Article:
Thema : fem*
kommentieren (0)SendeniCalTeilen

Mittwoch, 25. April 2018 - 18:00

On doing feminist theory from the 'global south': The double-edged swords of agency and rights

Sumi Madhok

Perhaps, few other conceptual ideas attract absolute feminist ire or a attachment as those of autonomy/agency and rights. A possible reason for this a attachment is their double-edged nature: their epistemic authority within feminist theory and their power within mobilisations and struggles on the ground, but also their complicity in neoliberal ideas and processes. Both are seen as integral to a feminist politics but are also implicated in upholding and advancing civilizational arguments. This lecture considers the double edged theoretical and political work that 'agency' and human rights do in contexts of global development and grassroots citizen movements in South Asia to argue for two things: the importance of conceptual attention to the innovative and dynamic engagements with agency and rights within grassroots mobilisations in ways that disrupt, i.e. that 'speak back' to feminist theory - this is crucial if we are to shift the epistemic center of feminist scholarship; and secondly to generate conceptual and empirical work that captures the stakes and struggles over gendered agency and human rights in 'most of the world' - this is important if we are to decolonize feminist scholarship.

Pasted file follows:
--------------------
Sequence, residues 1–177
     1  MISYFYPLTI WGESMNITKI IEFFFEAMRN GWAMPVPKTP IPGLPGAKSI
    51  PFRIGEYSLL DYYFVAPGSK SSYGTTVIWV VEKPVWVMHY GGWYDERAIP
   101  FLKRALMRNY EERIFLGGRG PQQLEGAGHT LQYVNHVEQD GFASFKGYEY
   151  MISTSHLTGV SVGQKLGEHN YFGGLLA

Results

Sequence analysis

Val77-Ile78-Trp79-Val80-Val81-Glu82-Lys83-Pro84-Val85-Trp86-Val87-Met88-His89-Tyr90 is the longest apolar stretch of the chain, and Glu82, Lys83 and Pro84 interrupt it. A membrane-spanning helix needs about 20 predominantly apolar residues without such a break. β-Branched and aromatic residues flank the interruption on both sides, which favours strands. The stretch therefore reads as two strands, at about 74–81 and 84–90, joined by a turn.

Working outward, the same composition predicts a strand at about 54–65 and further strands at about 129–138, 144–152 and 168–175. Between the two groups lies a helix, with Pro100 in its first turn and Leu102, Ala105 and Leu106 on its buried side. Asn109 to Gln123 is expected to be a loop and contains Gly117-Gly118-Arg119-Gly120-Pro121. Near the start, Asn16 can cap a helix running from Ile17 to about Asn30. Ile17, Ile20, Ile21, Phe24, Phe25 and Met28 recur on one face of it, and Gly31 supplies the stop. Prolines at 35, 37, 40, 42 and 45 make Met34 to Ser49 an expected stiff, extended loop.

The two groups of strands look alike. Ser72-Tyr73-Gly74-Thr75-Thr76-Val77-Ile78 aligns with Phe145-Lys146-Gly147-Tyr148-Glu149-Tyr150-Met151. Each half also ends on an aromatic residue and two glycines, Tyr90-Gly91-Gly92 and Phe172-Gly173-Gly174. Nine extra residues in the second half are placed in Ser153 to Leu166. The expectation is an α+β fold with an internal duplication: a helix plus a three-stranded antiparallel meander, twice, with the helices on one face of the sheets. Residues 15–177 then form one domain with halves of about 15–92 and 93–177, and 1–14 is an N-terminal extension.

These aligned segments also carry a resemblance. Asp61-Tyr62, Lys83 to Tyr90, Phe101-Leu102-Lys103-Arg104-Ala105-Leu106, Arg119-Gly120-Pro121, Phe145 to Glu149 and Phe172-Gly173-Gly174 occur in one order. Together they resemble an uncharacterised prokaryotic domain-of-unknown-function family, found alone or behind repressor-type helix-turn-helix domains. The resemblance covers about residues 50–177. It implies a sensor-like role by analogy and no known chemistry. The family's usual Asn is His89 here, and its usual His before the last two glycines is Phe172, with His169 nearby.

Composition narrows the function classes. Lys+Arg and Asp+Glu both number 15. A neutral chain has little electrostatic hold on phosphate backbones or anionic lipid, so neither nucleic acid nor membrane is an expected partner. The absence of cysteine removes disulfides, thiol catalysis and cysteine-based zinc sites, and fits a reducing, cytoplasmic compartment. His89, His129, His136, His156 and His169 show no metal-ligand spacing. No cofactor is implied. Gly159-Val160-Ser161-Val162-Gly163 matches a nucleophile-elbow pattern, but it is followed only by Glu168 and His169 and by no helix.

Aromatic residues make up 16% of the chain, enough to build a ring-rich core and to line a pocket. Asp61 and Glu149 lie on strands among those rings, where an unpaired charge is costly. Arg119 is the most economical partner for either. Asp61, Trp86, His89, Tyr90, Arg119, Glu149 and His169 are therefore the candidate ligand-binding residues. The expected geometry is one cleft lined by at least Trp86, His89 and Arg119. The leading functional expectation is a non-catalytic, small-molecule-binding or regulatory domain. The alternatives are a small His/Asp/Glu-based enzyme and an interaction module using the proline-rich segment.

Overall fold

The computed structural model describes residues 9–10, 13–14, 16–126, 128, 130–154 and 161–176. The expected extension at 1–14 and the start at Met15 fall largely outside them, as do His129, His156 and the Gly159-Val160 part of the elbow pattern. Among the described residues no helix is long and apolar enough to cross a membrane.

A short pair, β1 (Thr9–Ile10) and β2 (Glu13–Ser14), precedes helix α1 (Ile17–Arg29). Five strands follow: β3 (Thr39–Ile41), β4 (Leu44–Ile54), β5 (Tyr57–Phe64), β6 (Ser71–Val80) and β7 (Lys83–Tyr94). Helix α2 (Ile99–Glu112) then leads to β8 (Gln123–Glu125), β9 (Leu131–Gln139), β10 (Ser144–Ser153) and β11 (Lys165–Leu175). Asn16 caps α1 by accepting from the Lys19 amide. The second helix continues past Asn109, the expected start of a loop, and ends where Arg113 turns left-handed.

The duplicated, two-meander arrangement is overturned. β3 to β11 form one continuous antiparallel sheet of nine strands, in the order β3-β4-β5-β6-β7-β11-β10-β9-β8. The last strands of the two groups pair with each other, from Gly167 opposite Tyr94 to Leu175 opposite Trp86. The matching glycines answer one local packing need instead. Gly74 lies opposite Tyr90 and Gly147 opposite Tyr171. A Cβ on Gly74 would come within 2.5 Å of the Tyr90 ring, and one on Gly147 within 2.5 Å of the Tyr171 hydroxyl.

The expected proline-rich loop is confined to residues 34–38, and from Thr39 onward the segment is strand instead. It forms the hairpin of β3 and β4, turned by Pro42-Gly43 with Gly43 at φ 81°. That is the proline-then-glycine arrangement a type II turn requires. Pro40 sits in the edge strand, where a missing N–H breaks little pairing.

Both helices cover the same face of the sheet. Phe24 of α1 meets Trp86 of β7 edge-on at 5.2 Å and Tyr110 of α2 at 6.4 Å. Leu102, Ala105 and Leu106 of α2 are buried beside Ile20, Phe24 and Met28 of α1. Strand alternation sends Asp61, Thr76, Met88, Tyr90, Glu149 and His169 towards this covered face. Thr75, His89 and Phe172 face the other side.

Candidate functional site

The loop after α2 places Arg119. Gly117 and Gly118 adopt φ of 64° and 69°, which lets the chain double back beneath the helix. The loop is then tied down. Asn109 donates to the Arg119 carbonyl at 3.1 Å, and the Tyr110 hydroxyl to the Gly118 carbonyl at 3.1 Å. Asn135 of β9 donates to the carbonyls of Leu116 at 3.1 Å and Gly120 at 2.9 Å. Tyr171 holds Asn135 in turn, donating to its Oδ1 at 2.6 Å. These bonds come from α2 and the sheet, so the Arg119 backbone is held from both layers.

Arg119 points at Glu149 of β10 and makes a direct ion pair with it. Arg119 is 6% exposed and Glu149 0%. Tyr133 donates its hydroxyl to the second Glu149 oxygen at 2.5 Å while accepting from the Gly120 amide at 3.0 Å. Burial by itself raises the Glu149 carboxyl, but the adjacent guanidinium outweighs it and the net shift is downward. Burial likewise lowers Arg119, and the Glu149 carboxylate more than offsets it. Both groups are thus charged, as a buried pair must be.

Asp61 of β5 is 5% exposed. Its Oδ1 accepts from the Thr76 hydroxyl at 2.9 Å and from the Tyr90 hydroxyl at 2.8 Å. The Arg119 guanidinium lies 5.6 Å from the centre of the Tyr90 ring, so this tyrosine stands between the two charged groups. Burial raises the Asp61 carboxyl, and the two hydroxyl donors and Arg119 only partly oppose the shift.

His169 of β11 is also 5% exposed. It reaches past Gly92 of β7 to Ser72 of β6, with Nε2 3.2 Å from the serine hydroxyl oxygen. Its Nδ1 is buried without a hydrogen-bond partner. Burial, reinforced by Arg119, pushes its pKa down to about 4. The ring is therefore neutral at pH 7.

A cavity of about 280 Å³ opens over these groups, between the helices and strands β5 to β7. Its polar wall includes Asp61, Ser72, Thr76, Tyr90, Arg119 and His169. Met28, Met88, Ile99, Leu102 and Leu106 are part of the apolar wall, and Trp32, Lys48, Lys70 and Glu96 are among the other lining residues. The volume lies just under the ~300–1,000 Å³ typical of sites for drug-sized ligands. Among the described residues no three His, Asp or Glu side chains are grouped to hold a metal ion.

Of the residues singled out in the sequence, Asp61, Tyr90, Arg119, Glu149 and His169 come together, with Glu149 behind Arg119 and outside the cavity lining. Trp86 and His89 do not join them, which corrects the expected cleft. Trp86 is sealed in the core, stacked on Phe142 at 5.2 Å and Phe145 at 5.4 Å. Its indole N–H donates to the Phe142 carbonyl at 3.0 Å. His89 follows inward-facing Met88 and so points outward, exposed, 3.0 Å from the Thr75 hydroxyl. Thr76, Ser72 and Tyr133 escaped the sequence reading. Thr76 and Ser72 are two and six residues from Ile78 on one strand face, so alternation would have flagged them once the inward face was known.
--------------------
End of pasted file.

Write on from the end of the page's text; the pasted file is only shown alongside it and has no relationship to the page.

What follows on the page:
SUMI MADHOK is Associate Professor at the Department of Gender Studies, LSE. She is the author of 'Rethinking Agency: Developmentalism, Gender and Rights' (2013); the coeditor of 'Gender, Agency and Coercion' ( 2013) and of the 'Sage Handbook of Feminist Theory' (2014). Currently, she is completing a monograph on decolonising human rights titled: Vernacular rights cultures, gender and citizenship in South Asia'. Trained as a feminist political theorist, Dr Madhok's research lies at the intersection of feminist political theory and philosophy, gender theories, transnational activism, rights/human rights, citizenship, postcoloniality, feminist ethnographies and developmentalism.

This lecture is part of the Cornelia Goethe Colloquium in 2018.